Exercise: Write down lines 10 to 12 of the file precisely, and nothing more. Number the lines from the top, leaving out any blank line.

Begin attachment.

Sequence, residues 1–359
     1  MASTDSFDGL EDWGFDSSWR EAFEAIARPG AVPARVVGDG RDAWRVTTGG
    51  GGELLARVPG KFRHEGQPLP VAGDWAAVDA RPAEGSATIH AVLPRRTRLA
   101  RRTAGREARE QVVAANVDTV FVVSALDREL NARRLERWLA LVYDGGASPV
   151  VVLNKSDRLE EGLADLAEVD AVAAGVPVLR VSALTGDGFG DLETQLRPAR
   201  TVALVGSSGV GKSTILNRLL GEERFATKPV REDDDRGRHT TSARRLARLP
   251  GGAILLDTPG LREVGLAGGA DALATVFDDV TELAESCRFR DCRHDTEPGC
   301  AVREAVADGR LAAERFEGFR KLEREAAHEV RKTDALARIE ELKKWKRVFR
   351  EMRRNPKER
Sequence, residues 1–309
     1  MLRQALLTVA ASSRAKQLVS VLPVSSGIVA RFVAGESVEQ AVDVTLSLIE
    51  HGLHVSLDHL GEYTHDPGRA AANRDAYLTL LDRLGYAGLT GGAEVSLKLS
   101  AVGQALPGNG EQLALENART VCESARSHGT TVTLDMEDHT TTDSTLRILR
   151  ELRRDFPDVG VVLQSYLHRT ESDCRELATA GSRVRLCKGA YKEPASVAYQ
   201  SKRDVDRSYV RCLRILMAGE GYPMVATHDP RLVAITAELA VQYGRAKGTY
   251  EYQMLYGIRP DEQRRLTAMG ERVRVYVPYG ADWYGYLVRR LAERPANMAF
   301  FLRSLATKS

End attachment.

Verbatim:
Sequence, residues 1–309
     1  MLRQALLTVA ASSRAKQLVS VLPVSSGIVA RFVAGESVEQ AVDVTLSLIE
    51  HGLHVSLDHL GEYTHDPGRA AANRDAYLTL LDRLGYAGLT GGAEVSLKLS